Monday, May 14, 2012

Penicillin and the Importance of Medicines From Nature

Medicines from nature vary from using a single naturally occurring substance as an active ingredient to using an entire organism in pharmaceutical drugs. Specimens for medicinal research range from little tiny microbes to organs of animals bigger than us. Some examples being insulin derived from the pancreas of pigs or cattle, chemotherapeutic agents from plants, and the one I’ll be focusing on today, antibiotics from microorganisms such as Penicllium. There’s no estimation on where the human race would be today without the help of our environment and the things living all around us.

            Penicllium Notatum, a rare strain of Penicllium, is able to produce and secrete a chemical called Penicillin G. It was first discovered by a French Medical student, Ernest Duchesne in 1896 but no further research was performed due to its instability. It wasn’t until one day in September of 1928, when Alexander Fleming observed a bacterial zone of clearing around the mold of Penicllium that demonstrated it as a possible antimicrobial agent. The research of Penicillin G was reopened and the drug that we all know of today as Penicillin cured its first human from a life threatening infection in 1941.

            After this first human trial run, came the question of how they were going to produce Penicillin on a large scale. Scientists tried many different mechanisms to increase yield ranging from UV induction to addition of Penicillin precursors. In the end, Pfizer opened its first commercial plant for large-scale production in March of 1944. Their method of mass production included fermentation with corn steep liquor and constant aeration, recovery, and freeze-dry purification. By the end of that same year, Penicillin was the primary disease preventing drug used in the military and much of the United States. And just a year later, in 1945, Alexander Fleming and colleagues involved in the research of Penicillin was awarded the Nobel Prize.

            So you might be asking now, how does such a small and insignificant organism be caught in such a momentous achievement of medicine? And its because Penicllium Notatum have evolved this way that allows for it to kill off all surrounding bacteria for food, and this is by Penicillin G. Penicillin G is secreted during times of nutrient deprivation to prevent the growth of bacteria in its surroundings. It does this by inhibiting the enzyme, transpeptidase, which is responsible for the structure and strength of the bacterial cell wall. Without transpeptidase, when water rushes in, the wall is unable to withstand the pressure, resulting in a ‘lysis’, or a cell burst. 


            In the image below, is a time lapse photograph taken of the development of Chlamydia Trachomatis in the absence (A) and presence (B) of penicillin. You can see that in strain B, the infectious reticulate bodies have been enlarged to the point where they are no longer in an infective state.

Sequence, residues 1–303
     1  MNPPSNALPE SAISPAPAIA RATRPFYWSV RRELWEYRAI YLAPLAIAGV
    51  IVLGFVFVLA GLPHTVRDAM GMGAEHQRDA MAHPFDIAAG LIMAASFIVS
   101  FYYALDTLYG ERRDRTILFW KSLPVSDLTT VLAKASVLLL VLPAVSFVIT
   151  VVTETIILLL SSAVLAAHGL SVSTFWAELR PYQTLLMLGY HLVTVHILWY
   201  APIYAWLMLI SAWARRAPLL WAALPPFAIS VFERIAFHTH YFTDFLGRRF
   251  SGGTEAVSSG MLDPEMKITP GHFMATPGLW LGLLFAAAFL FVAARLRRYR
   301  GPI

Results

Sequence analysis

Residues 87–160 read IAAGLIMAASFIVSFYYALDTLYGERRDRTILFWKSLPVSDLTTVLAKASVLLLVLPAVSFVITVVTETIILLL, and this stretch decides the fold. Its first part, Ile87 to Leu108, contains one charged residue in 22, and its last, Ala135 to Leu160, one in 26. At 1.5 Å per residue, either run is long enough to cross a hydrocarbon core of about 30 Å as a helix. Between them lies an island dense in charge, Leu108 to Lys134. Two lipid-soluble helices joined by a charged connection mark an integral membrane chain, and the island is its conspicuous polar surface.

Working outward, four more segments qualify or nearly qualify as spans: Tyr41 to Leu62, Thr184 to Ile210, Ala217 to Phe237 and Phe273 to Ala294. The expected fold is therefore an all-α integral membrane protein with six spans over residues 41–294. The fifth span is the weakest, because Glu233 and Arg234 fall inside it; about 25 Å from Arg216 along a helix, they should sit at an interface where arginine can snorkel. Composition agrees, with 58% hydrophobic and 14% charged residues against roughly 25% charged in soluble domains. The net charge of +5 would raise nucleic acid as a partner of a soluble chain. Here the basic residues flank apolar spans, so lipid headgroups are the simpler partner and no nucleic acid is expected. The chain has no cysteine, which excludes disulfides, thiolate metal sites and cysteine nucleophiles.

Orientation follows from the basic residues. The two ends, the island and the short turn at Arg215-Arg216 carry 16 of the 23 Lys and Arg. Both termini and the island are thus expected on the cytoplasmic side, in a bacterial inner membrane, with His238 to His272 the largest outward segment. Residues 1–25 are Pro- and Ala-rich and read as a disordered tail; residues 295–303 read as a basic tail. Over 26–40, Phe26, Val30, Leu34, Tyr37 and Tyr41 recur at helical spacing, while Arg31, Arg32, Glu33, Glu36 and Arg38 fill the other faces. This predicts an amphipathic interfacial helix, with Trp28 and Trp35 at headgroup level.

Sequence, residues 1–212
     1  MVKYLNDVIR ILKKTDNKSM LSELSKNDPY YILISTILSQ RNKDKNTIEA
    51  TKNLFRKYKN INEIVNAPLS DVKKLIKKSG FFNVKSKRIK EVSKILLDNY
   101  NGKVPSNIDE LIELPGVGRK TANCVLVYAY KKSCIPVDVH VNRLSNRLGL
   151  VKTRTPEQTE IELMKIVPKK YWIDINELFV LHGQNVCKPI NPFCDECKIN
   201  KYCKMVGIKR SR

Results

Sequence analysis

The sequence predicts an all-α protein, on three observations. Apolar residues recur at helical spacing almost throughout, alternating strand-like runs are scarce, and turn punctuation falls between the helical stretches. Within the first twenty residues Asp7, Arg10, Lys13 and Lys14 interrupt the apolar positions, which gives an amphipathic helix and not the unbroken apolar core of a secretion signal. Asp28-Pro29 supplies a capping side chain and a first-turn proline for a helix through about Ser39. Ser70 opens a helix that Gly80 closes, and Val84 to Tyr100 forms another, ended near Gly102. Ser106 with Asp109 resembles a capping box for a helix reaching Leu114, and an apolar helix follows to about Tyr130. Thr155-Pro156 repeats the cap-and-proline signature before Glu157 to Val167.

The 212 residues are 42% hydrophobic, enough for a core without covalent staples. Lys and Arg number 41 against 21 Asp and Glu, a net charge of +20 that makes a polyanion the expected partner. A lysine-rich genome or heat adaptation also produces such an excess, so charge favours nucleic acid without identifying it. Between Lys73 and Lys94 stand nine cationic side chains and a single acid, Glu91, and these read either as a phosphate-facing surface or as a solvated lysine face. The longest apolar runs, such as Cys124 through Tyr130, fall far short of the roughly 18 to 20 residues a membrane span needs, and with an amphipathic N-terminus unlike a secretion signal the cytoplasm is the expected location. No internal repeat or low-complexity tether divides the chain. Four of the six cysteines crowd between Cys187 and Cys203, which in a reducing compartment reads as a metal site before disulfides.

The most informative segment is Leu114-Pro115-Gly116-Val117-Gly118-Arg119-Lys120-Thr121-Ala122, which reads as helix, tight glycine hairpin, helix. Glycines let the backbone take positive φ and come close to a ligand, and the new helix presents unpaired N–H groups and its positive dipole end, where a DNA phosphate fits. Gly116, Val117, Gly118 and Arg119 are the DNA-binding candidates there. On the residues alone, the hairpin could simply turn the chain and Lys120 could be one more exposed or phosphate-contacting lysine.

And in the video below, is another time lapse of penicillin working its way to cell lysis. 

video

Penicillin is able to disrupt the synthesis of cell wall with the process discussed and shown above in numerous disease-causing pathogens such as streptococcus, staphylococcus and virtually all pathogens. It was virtually all pathogens until bacteria started being able to grow resistant to Penicillin. This occurs when a mutation in a bacterial strain allows for resistance against Penicillin G, which therefore allows them to out compete wild type strains. In cases like this, stronger and more potent Penicillin must be created. And this is widely known as the Antibacterial Arms Race. Since the original Penicillin, other similar antibiotics have been discovered and created such as Penicillin V, Ampicillin, Methicillin, etc.

            Since the discovery and commercialization of Penicillin back in the 1940s, pharmacologists from all over the world have been able to derive naturally occurring substances in organisms and use them for disease prevention. And now, not only disease prevention, but also antidepressants, healing, and much more are being derived from natural sources and being used to help humans. For example, an entire field called herbalism, termed as the practice of plants as medicine to restore human health and wholeness. Another example being a natural antidepressant extracted from a golden flowering plant called St. John’s Wort. This last example, being a little far fetched, is expressed by Paul Stamets, on how mushrooms of this world can someday save the entire planet. 



          Penicillin is just one example of many on how we are able use a provisioning ecosystem service from nature that benefits human health and well being. As in just the provisioning spectrum of ecosystem services, there are still the other 3 categories of services that the ecosystem provides for us. Its no wonder why biological diversity is so important. Not only does it benefit the environment and countless number of other species, but also more importantly, we, as a whole absolutely need biodiversity to survive. Without it, we wouldn’t be where we are with our medical advancements, genetic advancements, etc.


Works Cited:

Corey Atteridge and Mark Tromblay. Penicillin: Structures and Functions. Middlebury College. January 1997.

Discovery of Penicillin. American Chemical Society. 2012

Time lapse image and video provided by:
Rachel J. Skilton,et al. Penicillin Induced Persistence in Chlamydia trachomatis: High Quality Time Lapse Video Analysis of the Developmental Cycle. PLoS ONE 4(11). 20091

TED talk:
http://blog.ted.com/2008/05/06/paul_stamets/


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